A Retrospective: Might and Magic 6 – The Mandate of Heaven

January 29, 2008

Lately I’ve been contemplating the gaming experiences of my adolescent years, and what really influenced my current view of games. Until recently I had completely forgotten the 6th installment of Might and Magic. This may have been the first title that I ever become truly obsessed with. I remember sitting at my computer day after day and month after month playing this classic.


Many consider MM 6 a return to the classic, open ended style of RPGs from yesteryear. Though I vaguely remember Betrayal at Krondor, Might and Magic stands out as a first for me in the realm of RPGs, rather than a return to form. In many ways, I would consider a MM 6 a precursor to the modern MMO. Very open ended game play and a series of mostly optional main quests are staples which this game flaunts in spades. Rather than using story to compel the player, Might and Magic appeals to the inner explorer, begging them to try their hand. Even the dungeons, which are basically instanced, contain depth and breadth that I’ve rarely seen in any genre. At one point in time, I actually had a cycle of areas that I would farm for gear in order to most efficiently encompass respawn times (6months in game time for some areas).


It would be disingenuous if I failed to mention PC Gamer at this point. At this time, with the internet still in its fledgling stage, PC Gamer was a great source of knowledge the average gamer. I eagerly awaited every monthly tome (some issues approached 300 pages at that time) that arrived. At the ripe-old age of 15, I would have been lost without their rather detailed and lengthy guide. The fact is if I were to play this game again I believe that I would still need some sort of guidance to complete the game.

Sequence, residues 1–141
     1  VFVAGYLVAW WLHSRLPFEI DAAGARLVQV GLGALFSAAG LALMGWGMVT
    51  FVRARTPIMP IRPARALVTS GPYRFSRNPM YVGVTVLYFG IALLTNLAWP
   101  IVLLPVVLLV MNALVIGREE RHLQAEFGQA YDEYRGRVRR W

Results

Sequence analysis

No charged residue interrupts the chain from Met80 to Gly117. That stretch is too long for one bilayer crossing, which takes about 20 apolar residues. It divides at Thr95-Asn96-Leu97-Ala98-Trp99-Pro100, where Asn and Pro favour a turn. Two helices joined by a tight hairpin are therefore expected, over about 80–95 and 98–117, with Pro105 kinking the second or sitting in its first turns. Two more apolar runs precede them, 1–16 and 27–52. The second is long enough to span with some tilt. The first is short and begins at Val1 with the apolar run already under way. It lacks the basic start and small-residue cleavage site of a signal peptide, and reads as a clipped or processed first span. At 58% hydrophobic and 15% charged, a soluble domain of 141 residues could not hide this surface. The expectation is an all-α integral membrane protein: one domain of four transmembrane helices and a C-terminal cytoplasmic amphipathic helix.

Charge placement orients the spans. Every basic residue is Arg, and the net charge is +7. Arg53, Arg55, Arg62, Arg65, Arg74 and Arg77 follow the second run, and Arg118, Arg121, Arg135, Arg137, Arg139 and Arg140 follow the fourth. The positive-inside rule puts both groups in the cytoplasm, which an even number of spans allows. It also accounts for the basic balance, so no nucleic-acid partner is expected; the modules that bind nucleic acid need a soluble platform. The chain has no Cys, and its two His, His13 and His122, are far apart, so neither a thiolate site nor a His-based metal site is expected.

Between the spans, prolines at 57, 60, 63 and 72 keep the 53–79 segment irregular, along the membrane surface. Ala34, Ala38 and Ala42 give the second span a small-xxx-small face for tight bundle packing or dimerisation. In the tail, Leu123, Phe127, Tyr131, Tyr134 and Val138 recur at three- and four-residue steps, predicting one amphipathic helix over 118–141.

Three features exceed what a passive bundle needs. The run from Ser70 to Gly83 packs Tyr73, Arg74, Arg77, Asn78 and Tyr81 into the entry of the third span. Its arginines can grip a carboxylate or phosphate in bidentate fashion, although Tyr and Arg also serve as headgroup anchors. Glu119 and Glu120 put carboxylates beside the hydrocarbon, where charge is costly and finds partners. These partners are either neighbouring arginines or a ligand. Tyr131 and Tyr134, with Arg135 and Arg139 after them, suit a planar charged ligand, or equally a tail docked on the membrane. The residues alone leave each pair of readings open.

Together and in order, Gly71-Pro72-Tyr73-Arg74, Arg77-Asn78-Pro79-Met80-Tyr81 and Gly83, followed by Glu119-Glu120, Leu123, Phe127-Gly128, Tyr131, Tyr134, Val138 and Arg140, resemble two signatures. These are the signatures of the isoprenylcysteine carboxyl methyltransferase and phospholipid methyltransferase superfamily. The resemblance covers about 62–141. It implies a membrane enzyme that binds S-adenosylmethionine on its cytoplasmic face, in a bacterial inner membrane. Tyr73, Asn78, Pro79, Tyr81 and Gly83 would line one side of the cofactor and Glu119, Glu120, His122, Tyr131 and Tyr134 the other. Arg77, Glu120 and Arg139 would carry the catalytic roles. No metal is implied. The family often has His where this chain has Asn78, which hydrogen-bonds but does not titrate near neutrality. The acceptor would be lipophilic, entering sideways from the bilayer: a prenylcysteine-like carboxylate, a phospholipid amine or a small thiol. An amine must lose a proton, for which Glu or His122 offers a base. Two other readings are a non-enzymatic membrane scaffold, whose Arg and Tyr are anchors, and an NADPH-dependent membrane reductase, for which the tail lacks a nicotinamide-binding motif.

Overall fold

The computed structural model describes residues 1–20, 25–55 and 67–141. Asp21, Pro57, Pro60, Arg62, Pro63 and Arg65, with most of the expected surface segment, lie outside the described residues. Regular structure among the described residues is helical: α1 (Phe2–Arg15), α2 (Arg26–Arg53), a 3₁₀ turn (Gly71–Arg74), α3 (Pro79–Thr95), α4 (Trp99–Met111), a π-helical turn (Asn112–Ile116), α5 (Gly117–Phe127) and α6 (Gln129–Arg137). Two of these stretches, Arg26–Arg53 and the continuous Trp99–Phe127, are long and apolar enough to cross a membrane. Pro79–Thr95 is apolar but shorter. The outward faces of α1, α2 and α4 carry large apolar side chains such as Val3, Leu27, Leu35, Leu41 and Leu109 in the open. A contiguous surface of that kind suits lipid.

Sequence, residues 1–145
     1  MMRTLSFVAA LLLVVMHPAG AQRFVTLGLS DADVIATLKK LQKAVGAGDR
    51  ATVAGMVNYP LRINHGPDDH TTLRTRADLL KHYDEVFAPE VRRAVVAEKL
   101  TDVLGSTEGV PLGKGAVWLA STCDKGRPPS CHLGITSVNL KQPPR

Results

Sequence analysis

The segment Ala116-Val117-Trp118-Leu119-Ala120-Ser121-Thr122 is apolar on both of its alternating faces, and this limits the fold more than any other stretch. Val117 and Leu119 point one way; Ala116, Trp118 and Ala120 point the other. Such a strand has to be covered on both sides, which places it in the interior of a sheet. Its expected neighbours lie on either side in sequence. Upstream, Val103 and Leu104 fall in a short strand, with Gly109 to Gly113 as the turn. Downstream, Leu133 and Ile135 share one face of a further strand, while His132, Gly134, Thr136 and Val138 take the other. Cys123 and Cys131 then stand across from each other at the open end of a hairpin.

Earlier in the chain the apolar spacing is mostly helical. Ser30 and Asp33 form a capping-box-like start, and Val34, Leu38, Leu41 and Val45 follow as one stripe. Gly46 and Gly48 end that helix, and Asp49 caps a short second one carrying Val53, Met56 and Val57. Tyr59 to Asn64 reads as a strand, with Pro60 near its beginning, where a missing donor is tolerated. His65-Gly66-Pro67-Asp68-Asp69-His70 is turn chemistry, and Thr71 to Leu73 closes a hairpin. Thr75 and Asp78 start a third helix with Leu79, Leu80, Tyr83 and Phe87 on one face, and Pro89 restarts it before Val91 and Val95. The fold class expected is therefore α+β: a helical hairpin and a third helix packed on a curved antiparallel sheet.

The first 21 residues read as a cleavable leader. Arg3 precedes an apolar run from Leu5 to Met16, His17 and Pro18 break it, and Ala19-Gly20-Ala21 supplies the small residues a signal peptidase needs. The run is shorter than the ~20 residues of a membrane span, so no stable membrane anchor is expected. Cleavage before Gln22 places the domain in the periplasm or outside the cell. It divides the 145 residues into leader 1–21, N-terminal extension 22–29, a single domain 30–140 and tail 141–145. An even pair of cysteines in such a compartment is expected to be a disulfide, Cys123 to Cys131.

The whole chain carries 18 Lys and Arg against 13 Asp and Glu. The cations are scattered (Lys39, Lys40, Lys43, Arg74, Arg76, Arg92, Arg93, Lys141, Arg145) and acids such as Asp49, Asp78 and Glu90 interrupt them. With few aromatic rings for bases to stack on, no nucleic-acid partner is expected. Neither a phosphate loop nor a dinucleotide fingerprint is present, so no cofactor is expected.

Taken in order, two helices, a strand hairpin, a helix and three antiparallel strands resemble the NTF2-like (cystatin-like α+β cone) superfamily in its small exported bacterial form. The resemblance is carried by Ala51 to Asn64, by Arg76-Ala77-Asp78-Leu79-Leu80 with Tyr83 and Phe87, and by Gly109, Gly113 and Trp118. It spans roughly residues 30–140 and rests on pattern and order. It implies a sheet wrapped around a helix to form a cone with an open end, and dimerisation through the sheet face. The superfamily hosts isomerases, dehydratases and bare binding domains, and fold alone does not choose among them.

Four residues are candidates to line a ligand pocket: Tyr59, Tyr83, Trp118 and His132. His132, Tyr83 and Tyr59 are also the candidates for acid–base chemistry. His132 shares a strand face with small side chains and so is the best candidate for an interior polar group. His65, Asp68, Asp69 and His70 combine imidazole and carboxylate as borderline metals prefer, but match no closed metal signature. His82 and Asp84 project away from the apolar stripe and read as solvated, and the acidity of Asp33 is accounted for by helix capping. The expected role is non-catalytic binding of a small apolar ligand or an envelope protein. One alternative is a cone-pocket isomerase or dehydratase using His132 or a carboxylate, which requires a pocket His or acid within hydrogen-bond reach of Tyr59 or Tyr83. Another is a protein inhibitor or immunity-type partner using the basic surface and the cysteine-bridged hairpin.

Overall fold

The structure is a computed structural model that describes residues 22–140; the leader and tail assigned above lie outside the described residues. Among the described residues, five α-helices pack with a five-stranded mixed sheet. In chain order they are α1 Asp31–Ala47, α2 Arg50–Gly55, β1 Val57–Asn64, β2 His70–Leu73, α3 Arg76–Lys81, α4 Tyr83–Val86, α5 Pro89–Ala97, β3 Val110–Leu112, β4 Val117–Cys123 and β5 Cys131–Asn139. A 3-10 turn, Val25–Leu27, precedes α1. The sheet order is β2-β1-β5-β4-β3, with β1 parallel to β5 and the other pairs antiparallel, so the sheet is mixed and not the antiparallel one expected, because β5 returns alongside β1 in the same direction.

Even for its time the graphics in MM VI were sub par. When most games were starting to incorporate the power of true 3d graphics, Might and Magic stayed with tried and true sprite graphics. Furthermore, the character representations were terrible/hilarious human portraits with the most over dramatic expressions in the history of gaming. Though these may seem like negative aspects to the game, they’re really not. The character portraits are just campy enough to remain entertaining throughout the game. For the 7th edition of Might and Magic, more advanced graphics were used, and the pallet was dulled to a tragic extent.


Overall, MM 6 is a fantastic game that really formed the basis on which all other RPGs that I play are jugged. I find it sad that this game isn’t mentioned more often in regards to best PC game ever, it is certainly on my list.


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